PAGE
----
Read Wyoming Lawyer Magazine article about Wyoming’s newest court

Specialized business court coming to Wyoming!

On March 15, 2019, Governor Gordon signed into law an act of the 2019 Wyoming legislature creating a Chancery Court, whose purpose is to provide a forum for streamlined resolution of commercial, business, and trust cases. The act establishes a court with jurisdiction to decide actions seeking declaratory or injunctive relief and actions seeking money recovery over $50,000 that arise from claims including breach of contract, breach of fiduciary duty, fraud, derivative actions, the Uniform Commercial Code, and the Uniform Trust Code. The Wyoming Supreme Court adopted final rules for the Chancery Court on September 21, 2021.

To familiarize practitioners and the public with Wyoming’s newest court, a high-level overview follows below in question-and-answer format.

What is the Wyoming Chancery Court?

A new court that will resolve business and trust cases on an expedited schedule with bench trials and limited motions practice. Section 5-13-115(b) lists the types of matters under the Chancery Court’s jurisdiction.

When will the Chancery Court be ready for business?

The Chancery Court goes live December 1, 2021.

Who will hear Chancery Court cases?

Two Wyoming district court judges experienced in business litigation—Judges Richard L. Lavery, and Steven K. Sharpe—will handle Chancery Court cases until a full-time Chancery Court judge is installed.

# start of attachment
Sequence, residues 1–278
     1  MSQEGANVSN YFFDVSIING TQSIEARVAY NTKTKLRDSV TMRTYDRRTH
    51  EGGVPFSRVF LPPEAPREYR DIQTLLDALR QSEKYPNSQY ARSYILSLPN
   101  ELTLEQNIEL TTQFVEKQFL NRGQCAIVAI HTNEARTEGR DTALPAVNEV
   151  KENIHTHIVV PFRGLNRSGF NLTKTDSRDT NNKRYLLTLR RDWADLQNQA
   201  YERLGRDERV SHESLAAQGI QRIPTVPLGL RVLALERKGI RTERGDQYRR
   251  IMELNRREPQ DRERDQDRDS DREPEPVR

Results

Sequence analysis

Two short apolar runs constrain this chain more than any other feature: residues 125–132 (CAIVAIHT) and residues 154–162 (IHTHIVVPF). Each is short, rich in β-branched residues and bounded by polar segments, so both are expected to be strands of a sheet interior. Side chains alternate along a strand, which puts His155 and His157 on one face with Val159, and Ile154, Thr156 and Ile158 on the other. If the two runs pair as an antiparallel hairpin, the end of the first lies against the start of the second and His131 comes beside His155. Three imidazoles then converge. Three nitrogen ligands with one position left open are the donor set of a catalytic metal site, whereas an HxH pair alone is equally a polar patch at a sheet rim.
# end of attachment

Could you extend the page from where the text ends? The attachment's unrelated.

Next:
How will filings occur?

The Chancery Court will use an electronic filing system. Training information, general information, and resources regarding the electronic filing system are available here:

What are the rules?

Modified versions of the Wyoming Rules of Civil Procedure and Uniform Rules for District Courts will govern Chancery Court proceedings. Additionally, an Electronic Filing Administrative Policies and Procedures Manual will control the electronic filing process.

Where will the Chancery Court be located?

The Chancery Court has concurrent statewide jurisdiction. Much of its work will be conducted remotely, but not all. A courtroom and chamber are under construction in the Casper state office building. That space will not be fully utilized until a full-time judge is installed. For now, the Chancery Court will house its clerk in the Wyoming Supreme Court building and conduct most proceedings remotely.